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Committee on Health and Human Services


Public Hearing May 10 at 10:00 am

LD 1608  An Act To Expand The MaineCare Program To Cover All Citizens Of The State


This bill establishes a single-payer health care program in the State that provides health 6 care services for Maine residents. The bill directs the Department of Health and Human Services to consult with the Department of Labor and the Department of Professional and Financial Regulation, Bureau of Insurance to develop the program. The bill requires the State to implement the program in 4 phases, based on income, beginning in 2023 for those residents not already eligible for the MaineCare program. The bill also creates the MaineCare for All Implementation Task Force to advise the departments and make recommendations to fully implement the single-payer health care program. The program may not be implemented in 2023 without prior legislative approval.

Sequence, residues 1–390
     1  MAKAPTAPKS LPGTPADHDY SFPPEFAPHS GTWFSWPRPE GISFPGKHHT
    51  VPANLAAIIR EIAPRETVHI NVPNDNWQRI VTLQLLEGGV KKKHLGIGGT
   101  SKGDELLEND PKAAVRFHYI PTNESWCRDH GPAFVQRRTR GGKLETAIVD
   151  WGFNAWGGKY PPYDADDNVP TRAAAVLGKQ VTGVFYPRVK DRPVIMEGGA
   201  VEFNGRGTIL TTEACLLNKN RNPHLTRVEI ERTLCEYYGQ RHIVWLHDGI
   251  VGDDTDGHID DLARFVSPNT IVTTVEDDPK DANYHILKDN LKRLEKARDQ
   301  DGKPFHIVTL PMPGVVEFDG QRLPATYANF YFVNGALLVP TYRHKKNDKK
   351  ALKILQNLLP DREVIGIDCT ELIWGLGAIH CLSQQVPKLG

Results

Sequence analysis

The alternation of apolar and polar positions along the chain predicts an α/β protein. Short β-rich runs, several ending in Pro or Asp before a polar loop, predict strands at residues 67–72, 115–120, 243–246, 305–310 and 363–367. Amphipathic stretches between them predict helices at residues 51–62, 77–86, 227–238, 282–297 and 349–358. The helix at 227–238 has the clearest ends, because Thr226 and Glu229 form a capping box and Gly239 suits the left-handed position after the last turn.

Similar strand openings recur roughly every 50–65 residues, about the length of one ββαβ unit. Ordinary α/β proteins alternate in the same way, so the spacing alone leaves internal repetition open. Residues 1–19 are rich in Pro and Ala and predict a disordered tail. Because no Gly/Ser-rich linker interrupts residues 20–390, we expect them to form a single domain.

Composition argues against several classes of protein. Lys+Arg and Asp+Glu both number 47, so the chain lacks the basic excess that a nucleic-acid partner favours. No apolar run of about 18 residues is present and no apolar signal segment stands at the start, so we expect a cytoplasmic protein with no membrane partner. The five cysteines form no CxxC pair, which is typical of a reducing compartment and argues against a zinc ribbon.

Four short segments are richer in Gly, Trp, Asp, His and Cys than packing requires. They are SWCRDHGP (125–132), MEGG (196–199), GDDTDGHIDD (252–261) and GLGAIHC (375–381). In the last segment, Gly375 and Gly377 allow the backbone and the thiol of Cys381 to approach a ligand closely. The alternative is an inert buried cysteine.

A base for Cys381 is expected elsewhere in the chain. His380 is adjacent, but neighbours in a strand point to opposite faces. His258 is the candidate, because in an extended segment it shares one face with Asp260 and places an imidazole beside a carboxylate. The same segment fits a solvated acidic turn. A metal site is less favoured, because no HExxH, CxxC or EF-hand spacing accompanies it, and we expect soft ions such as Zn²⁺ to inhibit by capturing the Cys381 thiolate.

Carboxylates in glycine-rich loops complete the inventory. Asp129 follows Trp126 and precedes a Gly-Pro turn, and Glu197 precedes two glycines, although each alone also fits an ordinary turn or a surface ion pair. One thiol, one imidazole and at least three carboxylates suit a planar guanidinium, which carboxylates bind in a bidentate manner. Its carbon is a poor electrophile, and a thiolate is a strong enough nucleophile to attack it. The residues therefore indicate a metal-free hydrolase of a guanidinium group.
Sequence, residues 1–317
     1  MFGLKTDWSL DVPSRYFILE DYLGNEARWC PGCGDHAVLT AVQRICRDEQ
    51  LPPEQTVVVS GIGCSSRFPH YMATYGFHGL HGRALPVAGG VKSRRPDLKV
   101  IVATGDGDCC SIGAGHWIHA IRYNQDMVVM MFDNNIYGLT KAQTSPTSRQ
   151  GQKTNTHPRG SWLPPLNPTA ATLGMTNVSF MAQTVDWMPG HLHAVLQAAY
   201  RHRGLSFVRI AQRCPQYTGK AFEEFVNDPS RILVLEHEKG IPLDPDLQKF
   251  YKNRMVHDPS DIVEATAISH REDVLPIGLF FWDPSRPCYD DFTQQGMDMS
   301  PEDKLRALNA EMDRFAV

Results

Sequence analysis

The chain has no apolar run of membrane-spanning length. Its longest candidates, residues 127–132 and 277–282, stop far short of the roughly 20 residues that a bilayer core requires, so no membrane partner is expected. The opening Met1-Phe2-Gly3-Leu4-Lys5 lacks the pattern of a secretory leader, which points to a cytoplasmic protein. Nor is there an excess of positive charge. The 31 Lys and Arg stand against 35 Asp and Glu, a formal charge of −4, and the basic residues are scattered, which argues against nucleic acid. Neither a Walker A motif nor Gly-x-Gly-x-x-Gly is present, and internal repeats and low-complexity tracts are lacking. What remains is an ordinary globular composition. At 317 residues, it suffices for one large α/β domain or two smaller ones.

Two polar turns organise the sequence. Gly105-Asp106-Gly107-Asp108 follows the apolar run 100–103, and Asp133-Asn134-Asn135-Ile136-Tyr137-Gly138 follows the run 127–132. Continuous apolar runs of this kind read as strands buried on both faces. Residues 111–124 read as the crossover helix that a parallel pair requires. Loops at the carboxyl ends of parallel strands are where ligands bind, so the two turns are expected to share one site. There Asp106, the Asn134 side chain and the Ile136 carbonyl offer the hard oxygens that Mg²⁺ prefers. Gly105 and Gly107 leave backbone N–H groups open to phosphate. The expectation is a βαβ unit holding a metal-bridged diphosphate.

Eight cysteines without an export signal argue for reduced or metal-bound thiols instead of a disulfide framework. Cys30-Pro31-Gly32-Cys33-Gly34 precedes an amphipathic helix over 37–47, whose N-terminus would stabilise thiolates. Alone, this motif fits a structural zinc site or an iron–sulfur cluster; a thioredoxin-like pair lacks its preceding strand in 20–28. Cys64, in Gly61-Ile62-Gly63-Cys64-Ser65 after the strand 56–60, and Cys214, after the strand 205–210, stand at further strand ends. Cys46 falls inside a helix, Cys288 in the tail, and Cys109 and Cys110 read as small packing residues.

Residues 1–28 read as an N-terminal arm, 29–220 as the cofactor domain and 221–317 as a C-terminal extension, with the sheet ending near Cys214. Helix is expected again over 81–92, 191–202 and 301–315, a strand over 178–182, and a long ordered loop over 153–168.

Suggested Testimony: 

Members of the Health and Human Services Committee:


I write to oppose LD1608 which would force a single payer health care program on all residents of Maine.  The administration and finance of all MaineCare ( Medicaid  ), Medicare and Affordable Care Act (ACA) programs would be transferred to a single payer plan called MaineCare for All.   


This bill proposes an astounding administrative and financial takeover of medical plans in Maine to be completed in four phases “no later than January 31, 2025.”


My concerns include the following:

  1. Only one state has ever enacted a single payer system. Vermont, a liberal state with a small population of 626,000 enacted “Green Mountain Care” in 2011.  “In its first year, Green Mountain Care cost $4.3 billion, and financed in part by $2.8 billion in new state taxes, a 151% increase in state taxes.” * 
  2. Green Mountain Care was abandoned in 2014 due to escalating costs.